Advice to cure barking

N.H. Sunday News - Dog Tracks Column - 6/10/07
By: Gail T. Fisher

I got a call this week from a reader who brought to my attention an oversight: Two weeks ago I promised solutions to barking. With apologies to anyone who was waiting for this solution…here you go:

The problem I wrote about two weeks ago: A dog starts barking, and in an attempt to stop her, her owners have to yell to finally get her to be quiet. But you shouldn’t have to get angry to get your dog to be responsive.

One approach to stopping barking is to teach the dog what an “incompatible behavior”: one that, when the dog is performing it, he can’t be performing the other behavior. For example, a dog can’t sit and jump up at the same time. So teaching sit for greeting is incompatible with jumping on visitors. Some behaviors that are incompatible with barking are being quiet; holding something in his mouth; or any other behavior that doesn’t involve barking.

The best approach to teach quiet is to mark and reinforce the behavior you like. Don’t use a command or cue such as “quiet,” because he doesn’t know what “quiet” means. Save your breath. Say nothing other than your marker. Use a clicker if you like, but you don’t have to. Marker training simply uses a word or sound that means, “That behavior is what I want. You’ve earned a reward.” The verbal marker we use is “yes.”

Don’t yell, “Quiet!!!” Say nothing. Yelling is joining him in making noise, so ignore him until he has stopped barking for two or three seconds. At that point, mark the absence of barking with “yes,” and give a reward. If you don’t have any treats available, praise is OK, but it would be better to have a food treat. Gradually increase the time between your dog stopping barking, and your marker, “yes” followed by a treat. Soon the dog will get the idea, and will stop barking sooner. At that point, just as he’s about to stop barking, introduce a NEW cue – not the “quiet!” you yelled before. With repetition, he’ll learn the new cue, and you’ll have a way to ask him to stop barking.

Here’s another similar approach that works for a dog that is barking in his crate. Chances are you let him out when he barked, which reinforced barking. But all is not lost. You can fix it. To teach the incompatible behavior, ‘quiet’ (without a cue), stay nearby but out of sight of your dog. Wait for just a few seconds of quiet, mark it with “yes” as you enter the room, and immediately open the crate, rewarding quiet with freedom. Gradually build the time your dog remains quiet before you enter, mark and let the dog out of the crate.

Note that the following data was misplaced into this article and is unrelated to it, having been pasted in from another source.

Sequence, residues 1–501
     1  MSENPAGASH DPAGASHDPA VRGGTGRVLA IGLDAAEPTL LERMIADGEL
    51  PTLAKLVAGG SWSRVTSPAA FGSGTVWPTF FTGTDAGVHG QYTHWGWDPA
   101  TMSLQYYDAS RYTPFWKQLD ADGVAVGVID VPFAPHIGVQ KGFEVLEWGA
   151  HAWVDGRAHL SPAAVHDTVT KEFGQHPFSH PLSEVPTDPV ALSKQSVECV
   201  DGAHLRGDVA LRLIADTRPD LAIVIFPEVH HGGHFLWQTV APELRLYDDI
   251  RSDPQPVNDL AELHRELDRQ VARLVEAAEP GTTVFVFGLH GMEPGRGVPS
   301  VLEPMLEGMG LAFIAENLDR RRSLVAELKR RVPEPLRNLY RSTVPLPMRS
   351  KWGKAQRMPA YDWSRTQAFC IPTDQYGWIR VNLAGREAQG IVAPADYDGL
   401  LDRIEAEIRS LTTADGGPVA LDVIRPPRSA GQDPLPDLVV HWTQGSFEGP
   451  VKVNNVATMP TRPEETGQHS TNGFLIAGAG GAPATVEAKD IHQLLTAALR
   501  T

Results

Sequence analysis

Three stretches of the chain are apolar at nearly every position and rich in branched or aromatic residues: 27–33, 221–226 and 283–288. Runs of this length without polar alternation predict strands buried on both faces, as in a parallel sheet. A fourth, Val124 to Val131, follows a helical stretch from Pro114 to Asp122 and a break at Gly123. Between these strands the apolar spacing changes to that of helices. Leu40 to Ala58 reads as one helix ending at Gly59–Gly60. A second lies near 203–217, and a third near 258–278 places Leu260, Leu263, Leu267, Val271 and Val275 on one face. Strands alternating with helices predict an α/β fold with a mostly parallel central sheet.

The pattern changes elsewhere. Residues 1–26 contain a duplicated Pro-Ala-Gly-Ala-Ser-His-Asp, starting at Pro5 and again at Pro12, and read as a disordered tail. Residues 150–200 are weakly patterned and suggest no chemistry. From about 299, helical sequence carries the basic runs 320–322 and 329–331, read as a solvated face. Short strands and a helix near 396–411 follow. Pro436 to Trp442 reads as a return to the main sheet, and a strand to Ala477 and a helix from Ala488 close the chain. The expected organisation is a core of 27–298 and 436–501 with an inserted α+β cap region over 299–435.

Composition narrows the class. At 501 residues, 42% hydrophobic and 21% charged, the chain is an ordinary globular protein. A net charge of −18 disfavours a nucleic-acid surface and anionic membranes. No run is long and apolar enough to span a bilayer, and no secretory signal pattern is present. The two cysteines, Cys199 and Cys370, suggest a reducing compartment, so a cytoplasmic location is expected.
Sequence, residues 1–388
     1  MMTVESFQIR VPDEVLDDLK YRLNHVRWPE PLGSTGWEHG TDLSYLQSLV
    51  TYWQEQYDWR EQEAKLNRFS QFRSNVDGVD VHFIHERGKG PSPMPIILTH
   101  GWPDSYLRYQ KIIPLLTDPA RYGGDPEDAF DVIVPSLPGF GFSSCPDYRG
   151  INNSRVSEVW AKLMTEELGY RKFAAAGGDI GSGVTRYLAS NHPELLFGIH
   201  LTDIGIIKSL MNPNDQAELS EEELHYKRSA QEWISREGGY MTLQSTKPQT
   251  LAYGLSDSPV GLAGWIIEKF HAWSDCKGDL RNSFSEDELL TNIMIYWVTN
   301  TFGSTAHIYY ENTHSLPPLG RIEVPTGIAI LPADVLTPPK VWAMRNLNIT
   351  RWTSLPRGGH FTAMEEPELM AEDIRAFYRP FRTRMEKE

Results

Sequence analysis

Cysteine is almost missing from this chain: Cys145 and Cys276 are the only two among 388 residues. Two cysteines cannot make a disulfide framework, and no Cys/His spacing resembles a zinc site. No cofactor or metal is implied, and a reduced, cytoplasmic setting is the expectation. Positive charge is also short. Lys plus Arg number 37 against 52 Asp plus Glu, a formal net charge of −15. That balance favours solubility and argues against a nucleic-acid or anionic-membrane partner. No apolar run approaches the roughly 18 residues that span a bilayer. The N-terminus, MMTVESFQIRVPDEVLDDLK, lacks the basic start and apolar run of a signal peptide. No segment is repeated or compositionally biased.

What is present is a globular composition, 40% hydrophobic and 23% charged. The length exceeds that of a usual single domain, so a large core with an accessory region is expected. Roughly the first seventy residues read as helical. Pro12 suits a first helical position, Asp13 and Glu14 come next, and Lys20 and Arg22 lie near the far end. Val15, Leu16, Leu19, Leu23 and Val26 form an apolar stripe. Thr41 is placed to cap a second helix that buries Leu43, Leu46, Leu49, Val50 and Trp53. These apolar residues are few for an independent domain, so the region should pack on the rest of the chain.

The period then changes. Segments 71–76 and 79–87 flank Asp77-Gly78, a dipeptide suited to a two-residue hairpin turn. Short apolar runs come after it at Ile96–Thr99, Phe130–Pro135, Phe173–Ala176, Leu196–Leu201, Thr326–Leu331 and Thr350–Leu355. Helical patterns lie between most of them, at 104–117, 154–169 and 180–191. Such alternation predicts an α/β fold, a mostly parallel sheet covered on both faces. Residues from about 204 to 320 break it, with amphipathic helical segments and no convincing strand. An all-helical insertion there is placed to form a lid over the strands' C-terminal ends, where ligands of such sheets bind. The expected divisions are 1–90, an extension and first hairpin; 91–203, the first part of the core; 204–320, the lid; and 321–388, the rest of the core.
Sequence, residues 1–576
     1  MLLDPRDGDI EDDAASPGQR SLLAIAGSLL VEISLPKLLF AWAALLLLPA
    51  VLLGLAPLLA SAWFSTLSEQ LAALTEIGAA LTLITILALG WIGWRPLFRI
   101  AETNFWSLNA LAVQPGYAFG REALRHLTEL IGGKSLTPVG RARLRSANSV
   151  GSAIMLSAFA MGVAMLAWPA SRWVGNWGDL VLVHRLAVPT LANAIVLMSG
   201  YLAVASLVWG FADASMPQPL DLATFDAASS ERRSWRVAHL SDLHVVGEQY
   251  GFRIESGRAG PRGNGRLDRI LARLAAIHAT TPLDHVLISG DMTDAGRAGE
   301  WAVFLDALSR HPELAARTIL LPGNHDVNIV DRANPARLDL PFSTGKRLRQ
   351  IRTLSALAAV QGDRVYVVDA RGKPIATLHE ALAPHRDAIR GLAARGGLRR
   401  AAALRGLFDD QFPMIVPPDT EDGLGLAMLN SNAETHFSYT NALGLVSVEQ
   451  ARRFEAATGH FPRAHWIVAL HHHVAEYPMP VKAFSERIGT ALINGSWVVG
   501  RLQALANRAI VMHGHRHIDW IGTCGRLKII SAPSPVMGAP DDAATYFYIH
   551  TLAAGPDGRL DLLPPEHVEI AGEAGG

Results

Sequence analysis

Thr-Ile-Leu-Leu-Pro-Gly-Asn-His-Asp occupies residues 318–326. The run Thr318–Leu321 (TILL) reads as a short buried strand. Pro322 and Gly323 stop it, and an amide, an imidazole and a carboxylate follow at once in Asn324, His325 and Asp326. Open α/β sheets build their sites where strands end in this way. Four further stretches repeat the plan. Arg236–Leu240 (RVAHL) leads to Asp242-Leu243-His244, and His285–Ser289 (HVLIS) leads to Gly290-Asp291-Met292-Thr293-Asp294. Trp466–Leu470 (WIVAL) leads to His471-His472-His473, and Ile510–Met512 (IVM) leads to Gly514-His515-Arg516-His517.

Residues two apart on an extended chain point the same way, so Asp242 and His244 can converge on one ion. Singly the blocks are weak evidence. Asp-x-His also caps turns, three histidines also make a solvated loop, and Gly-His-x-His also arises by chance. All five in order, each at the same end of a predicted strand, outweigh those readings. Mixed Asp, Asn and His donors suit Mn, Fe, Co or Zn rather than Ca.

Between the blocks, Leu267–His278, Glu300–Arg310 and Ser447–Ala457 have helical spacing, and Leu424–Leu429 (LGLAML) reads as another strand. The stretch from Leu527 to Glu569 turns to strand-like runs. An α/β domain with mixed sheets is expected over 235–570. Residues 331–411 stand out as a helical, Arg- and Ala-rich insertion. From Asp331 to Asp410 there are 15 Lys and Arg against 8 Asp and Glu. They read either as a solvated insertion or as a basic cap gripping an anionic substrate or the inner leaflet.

It is also important to reward the dog before he starts barking in the first place. If you reinforce him for quiet only after he stops barking, he isn’t learning to remain in his crate without barking at all. So be sure you sometimes let him out before he starts to bark.

And finally, some behaviors will diminish to extinction by simply being ignored. This works for attention barking, for a dog that, for instance, barks at you while you’re watching TV. Again, this behavior has been reinforced by your attention, so the dog learns to bark for attention. You can extinguish this behavior if you can absolutely, 100% ignore it. Do not talk, look at, divert his attention, give him a toy, or do anything else at all. Any attention will reinforce the barking. Everyone in the family must cooperate, being 100% committed to ignoring him. Otherwise, the barking will be intermittently reinforced. Intermittent reinforcement strengthens attention barking. So if you’ve decided to ignore the attention barking, you must be totally committed to it. Over time, the dog will stop barking.

Before the behavior disappears completely, you will likely see what is called an “extinction burst”, like the behavior’s last effort, often stronger and worse than previously. Don’t give in! You’re almost done. If you give in to the extinction burst, the behavior will be back with a vengeance. If you remain steadfast and consistent, continuing to ignore this new, worse behavior. Very soon, the behavior will disappear completely. Congratulations! You won!!

Copyright © Gail T. Fisher, 2007. All rights reserved.
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